Saturday, October 20, 2018

Talent show raises funds for Filipino Cultural School in So. California


Singer Megan Villamin was among the talents featured at the Filipino Cultural School fundraising show. INQUIRER/Agnes Constante

LOS ANGELES — Southern California-based non-profit Filipino Cultural School (FCS) celebrated its second annual “Sari-Sari Talent Show” April 30 to raise funds for its summer program, which teaches young Filipino Americans about their heritage.

FCS was established in 1965 and aims to educate young Filipino Americans about their roots through classes that teach them Filipino history, language, dance, music and lifestyle. The organization does this primarily through its summer program, which this year is set to run for seven weeks from June to August.


Ronalee Abbago, FCS publicity and outreach coordinator, said funds raised through the talent show are directed toward overhead costs of the summer program, including materials used during classes, location rental fees and background screenings for volunteers. This helps defray the cost of tuition for students.

“It’s really nice to see different members from the student body and volunteers who helped with the talent show to make the summer program for FCS cost less,” said Paolo Roca, president of FCS.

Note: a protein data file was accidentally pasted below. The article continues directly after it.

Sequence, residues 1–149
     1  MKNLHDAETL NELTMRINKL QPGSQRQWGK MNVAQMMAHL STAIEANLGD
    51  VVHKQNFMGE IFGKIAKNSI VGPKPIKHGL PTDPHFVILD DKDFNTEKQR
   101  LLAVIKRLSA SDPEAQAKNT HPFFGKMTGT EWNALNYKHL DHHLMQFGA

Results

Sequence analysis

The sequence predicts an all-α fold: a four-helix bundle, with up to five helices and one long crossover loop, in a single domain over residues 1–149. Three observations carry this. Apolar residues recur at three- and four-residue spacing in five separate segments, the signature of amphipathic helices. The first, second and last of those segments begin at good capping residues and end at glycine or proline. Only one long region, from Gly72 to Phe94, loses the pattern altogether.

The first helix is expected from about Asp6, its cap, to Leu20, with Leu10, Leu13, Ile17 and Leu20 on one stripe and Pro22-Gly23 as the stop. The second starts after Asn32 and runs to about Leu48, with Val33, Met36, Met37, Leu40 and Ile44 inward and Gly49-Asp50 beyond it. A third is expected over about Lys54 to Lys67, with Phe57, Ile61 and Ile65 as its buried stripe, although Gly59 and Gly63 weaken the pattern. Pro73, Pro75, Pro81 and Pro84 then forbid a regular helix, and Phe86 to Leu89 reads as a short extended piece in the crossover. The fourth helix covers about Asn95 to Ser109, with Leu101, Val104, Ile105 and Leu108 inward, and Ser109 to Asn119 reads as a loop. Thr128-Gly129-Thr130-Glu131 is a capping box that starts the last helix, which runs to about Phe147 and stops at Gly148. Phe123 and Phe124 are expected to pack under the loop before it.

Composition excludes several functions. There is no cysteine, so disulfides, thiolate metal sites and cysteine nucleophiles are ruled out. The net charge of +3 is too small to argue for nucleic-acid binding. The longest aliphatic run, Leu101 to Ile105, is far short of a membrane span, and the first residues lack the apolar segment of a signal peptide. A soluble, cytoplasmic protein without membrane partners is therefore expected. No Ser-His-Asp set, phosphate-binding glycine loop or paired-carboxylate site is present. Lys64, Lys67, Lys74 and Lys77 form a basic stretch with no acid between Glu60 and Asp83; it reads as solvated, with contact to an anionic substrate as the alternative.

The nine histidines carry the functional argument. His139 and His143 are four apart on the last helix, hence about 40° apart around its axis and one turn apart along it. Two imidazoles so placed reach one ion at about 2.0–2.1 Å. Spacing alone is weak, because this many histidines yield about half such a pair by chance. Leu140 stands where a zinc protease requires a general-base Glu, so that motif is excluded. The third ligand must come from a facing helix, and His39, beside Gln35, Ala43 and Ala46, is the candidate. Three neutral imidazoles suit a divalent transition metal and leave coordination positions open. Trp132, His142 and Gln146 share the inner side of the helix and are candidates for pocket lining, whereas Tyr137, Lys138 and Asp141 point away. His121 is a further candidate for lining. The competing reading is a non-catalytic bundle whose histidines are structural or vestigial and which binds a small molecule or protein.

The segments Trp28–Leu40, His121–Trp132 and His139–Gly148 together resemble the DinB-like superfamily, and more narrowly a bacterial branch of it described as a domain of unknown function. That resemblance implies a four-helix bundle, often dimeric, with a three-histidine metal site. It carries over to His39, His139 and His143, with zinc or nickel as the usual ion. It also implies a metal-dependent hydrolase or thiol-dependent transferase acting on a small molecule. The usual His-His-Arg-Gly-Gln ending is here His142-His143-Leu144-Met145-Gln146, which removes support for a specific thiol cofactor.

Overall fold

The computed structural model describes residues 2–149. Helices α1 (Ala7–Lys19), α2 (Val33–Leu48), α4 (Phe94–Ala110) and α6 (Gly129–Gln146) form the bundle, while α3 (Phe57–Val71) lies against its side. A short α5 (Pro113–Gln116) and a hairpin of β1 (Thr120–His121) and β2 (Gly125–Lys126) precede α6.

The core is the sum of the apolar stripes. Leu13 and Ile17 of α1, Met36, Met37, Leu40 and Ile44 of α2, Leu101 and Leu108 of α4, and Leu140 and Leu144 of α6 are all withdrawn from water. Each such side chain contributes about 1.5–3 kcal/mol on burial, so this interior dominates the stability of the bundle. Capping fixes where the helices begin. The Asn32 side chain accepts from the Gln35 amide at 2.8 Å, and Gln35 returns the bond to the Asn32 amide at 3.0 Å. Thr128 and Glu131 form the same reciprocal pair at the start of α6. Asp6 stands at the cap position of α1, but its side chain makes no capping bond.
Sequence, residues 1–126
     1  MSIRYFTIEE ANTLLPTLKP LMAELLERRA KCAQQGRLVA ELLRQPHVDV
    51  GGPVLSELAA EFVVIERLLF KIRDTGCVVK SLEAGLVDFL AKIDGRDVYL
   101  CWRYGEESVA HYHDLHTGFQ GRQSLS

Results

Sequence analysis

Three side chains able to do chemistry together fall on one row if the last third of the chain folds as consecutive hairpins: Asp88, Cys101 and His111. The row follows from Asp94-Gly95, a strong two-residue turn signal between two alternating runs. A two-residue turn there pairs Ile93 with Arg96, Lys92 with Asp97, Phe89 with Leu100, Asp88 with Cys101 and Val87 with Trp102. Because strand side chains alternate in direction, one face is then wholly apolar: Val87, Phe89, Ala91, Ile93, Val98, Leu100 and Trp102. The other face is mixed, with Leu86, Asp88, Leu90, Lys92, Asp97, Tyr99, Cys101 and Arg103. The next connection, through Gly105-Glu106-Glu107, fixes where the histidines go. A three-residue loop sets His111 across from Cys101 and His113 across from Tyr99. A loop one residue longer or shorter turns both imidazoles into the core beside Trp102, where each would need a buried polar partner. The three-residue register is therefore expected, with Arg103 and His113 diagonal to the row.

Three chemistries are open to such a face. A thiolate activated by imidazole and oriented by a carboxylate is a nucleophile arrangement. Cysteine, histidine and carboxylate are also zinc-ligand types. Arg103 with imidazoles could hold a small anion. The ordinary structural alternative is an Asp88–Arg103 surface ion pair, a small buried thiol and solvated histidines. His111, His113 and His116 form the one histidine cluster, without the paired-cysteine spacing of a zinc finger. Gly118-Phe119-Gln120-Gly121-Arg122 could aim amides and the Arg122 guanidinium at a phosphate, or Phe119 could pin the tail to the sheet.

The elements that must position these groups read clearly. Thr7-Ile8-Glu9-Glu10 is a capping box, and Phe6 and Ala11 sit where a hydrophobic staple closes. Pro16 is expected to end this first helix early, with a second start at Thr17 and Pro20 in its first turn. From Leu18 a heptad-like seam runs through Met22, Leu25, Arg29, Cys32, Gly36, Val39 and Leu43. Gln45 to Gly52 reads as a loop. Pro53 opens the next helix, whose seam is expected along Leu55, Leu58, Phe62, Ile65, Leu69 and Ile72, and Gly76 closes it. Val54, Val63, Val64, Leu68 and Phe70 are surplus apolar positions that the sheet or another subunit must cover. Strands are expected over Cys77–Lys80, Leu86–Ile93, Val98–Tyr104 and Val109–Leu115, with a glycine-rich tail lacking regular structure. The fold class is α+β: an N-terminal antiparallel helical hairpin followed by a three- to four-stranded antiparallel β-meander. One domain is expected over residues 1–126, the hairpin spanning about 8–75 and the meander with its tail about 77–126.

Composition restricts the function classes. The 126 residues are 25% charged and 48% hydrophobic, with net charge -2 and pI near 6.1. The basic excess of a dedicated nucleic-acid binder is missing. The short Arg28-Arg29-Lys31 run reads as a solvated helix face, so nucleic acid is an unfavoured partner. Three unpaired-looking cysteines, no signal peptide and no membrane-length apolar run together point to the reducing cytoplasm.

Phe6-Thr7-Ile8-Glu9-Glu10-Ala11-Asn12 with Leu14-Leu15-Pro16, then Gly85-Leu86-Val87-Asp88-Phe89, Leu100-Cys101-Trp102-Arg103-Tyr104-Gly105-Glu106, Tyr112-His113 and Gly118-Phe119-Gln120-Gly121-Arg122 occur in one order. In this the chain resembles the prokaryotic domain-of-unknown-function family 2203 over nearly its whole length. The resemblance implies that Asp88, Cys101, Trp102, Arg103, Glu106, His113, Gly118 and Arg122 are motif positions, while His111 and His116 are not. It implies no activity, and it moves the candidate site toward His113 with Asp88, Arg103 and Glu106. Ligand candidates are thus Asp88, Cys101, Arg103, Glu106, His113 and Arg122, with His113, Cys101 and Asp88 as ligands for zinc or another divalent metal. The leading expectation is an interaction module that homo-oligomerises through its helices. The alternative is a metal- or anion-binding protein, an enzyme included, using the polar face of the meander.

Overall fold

Last week’s talent show was held at Josephine’s Cerritos, a Filipino restaurant in Los Angeles’ South Bay region. The lineup included a variety of talents such as singing, piano, spoken word and a performance by a young ventriloquist, while attendees enjoyed lunch at the restaurant.

“It’s amazing how there’s a lot of talent in our community…. It’s a statement to the community that as Filipinos, we have talent,” Roca said. “We’re not just your nurses and doctors. It’s a testament to the identity of Filipinos here in America.”

FCS is well known for its summer school, but the organization has expanded its offerings in the community by launching year-long programs including internships for college students, a mentorship program where high school students are paired with college students or young professionals, and monthly workshops that facilitate discussions about self-awareness and field trips to Historic Filipinotown, Roca said. He added that FCS is working with schools in the cities of Artesia, Bellflower and Cerritos.

The organization has been in existence for 52 years, and on the year of its 50th anniversary, it obtained non-profit status, which Roca said has expanded FCS’ opportunities to apply for grants.

Apart from its additional offerings and second annual talent show, FCS recently rebranded to make it more modern for the next generation, Abbago said.

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TAGS: “Sari-Sari Talent Show”, Filipino Cultural School (FCS), Filipino culture in US, Filipino heritage, Filipino identity, Historic Filipinotown
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